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Millennial Woman fights through mystery disease

Between the ages of fifteen and twenty-two, my most commonly worn outfit was a hospital gown and my catchphrase was “I’m in pain.” It all began with migraines so severe I’d have to sit alone in a dark room where no light could reach and cover my ears to muffle any sound. Often times these migraines resulted in blackouts where gaps of time would be missing from my life. The doctors diagnosed the migraines as chronic and gave me a prescription before sending me on my way. The migraines only grew more frequent and more intense. Then, I began to experience stomach pains that felt as if my rib cage was tearing through my skin and my intestines were on the verge of exploding. I was diagnosed with gluten intolerance and told to restrict my diet. Once again, the pains only increased. Soon, I became scared to go anywhere or do anything because if I had a flare-up, I would be immobilized for an unknown amount of time. Some would pass in minutes, others in hours, the worst would last days.

 

I was a girl who loved life. I rode horses, skydived, cliff-jumped, went to theatre school, and played numerous musical instruments. I wanted to experience everything this world had to offer. My mystery disease threatened to take this opportunity away from me — but I refused. So I sat in hospitals and doctor’s offices, with tests being ordered up the wazoo. Tubes were being stuck every which way. Pills were being prescribed that conflicted each other. Blood was being squeezed out of my veins (more than I thought I had to give). Crazy restrictive diets made me hate mealtime. My hope of finding out what was wrong with me, however, was destroyed after being misdiagnosed several times.

 

At one point I was on a pill for my stomach before and after meals, a pill for my head in the morning and at night, a pill for sleeping, a pill for energy, and don’t forget the pill for anxiety (which I never had before the rest of the pills). I was downing pills I didn’t know the name of and although they were explained to me multiple times, I was still confused on what they were supposed to be doing for me. Despite what the numerous doctors said, I was feeling worse. Each and every time I would complain (which was hard for me to do, because I am not, by nature, a complainer) doctors would tell me, it was in my head. Imagine that? I loved paying premiums, sitting under fluorescent lights, having needles jabbed into me, cancelling plans to visit yet another doctor, and swallowing pills that made me vomit….yes, I must be making this up.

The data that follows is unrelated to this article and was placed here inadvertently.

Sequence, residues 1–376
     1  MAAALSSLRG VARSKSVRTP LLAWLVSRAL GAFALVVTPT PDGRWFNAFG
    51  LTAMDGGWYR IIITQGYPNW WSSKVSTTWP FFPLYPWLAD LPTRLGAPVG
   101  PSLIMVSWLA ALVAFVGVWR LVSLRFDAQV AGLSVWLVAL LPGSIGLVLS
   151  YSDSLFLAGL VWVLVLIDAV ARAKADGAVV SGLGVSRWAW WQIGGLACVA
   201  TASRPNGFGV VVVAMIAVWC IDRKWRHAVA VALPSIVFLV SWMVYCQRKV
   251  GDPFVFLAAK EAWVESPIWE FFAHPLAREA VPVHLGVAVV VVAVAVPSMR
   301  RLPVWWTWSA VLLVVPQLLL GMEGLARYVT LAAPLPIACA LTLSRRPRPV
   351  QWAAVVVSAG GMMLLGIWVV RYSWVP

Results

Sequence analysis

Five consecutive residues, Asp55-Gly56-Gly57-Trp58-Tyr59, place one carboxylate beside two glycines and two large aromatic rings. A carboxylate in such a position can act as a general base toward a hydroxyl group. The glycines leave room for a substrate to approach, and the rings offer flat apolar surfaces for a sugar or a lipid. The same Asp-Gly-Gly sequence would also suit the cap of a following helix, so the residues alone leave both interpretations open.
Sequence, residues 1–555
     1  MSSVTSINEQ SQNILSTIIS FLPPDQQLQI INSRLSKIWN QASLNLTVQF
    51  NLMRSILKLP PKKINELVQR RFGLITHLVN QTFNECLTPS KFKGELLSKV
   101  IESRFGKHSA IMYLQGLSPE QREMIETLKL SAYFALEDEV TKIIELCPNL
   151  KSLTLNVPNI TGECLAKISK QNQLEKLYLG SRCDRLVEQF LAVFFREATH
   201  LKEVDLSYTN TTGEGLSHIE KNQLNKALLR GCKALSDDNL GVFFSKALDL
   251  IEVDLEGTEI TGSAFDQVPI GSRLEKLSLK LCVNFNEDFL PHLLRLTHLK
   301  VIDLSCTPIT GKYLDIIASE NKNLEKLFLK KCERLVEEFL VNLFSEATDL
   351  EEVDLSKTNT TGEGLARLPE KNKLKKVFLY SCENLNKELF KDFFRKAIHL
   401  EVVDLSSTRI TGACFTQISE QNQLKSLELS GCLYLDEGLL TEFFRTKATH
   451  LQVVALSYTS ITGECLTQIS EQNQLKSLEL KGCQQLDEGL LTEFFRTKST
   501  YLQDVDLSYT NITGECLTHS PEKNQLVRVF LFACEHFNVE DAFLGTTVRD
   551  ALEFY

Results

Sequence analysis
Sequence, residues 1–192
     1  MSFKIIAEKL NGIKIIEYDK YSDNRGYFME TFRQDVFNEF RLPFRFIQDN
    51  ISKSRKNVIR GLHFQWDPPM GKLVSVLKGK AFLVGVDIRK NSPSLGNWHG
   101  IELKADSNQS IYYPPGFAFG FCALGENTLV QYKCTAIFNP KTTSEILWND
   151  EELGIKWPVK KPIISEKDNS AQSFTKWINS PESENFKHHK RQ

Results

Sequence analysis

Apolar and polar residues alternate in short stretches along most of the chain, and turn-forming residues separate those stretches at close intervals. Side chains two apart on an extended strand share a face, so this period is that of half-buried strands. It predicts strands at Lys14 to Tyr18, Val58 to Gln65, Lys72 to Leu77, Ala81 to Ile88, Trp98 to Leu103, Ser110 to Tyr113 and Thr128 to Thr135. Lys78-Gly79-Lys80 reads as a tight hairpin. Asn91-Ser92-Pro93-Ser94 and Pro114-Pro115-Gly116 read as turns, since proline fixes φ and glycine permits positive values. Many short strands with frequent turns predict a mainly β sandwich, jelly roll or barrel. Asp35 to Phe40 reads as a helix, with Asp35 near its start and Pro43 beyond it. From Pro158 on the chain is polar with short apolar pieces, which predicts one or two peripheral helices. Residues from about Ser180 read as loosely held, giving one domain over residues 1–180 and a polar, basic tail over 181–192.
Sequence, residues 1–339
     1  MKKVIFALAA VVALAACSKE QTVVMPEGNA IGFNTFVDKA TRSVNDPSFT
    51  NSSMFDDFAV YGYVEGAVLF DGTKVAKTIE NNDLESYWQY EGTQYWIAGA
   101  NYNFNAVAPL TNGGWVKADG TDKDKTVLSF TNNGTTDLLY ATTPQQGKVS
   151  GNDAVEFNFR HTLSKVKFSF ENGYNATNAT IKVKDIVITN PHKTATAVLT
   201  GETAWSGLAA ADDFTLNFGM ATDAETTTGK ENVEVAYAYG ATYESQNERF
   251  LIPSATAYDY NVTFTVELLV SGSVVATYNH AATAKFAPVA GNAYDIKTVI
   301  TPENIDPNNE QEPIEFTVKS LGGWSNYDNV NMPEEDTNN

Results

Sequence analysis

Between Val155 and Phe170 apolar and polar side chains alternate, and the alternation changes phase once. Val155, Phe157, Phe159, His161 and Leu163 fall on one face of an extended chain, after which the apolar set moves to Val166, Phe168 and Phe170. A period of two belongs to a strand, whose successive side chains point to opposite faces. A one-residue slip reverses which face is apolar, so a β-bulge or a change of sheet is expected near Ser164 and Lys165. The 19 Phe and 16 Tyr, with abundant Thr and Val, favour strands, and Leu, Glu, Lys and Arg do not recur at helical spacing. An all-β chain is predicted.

Eventually I had given up, on the pills, the doctors, even myself. I resorted to thinking, “This is my life now.

 

This is my life now.

 

So I stopped taking the pills cold turkey. I stopped going to the doctors who stopped trying. I stopped being on the hunt for what was wrong with me. Instead, I started taking control to find the beauty in life and in myself again. Here’s the part where you hope I give you the cure-all. But  unfortunately health is not a ‘one size fits all.’ For each person, each journey, each disease, there will be a different answer. What I can offer is my experience, the knowledge I’ve found along the way, and hope that it can provide some sort of solace to anyone on the verge of giving up.

 

I urge you to take control in your life. Your journey to health and wellness can start today. No matter how big the goal, or how far away it may seem, taking the first step is what will get you there. Most people believe that my decision to stop going to doctors and taking medication was the beginning of my journey, and in a way it is. However, things got a lot worse before they got better. After quitting the medications I was on, I didn’t see any difference in my health either, but I also wasn’t putting toxins I couldn’t even pronounce in my system — so in my book that was a win. I still suffered severe pains in my stomach, head, and sleeping only became harder each passing night. Then the unexpected happened, my shoulder dislocated. Okay, not the worst thing that could happen to a person. However, after receiving less than quality care from my local hospital, my shoulder fell out again, and again, and again, until I lost count. The doctors kept telling me this was “normal.” Again, I’m not one to complain, so who am I to question a doctor? I certainly don’t have a medical degree. So I suffered in silence (if you ask my mom or fiancé, it may not have been that silent). Until one day we sought out an out-of-network orthopedic surgeon (a fight in itself) and he told me the only thing holding my shoulder together was my skin. He asked me how I walked around each and every day without passing out from pain. I explained my last doctor told me it was normal, so I sucked it up and went about my business. At this point in my life I was a Dean’s List double major college student and retail store manager working between 40-60 hours, overnight floorsets, and early morning stock receiving. I had made a decision a long time ago to not let my health stand in the way of my life — thinking I wish I could readjust now. My new surgeon told me I needed immediate reparative shoulder surgery or I risked losing the ability to ever use it again.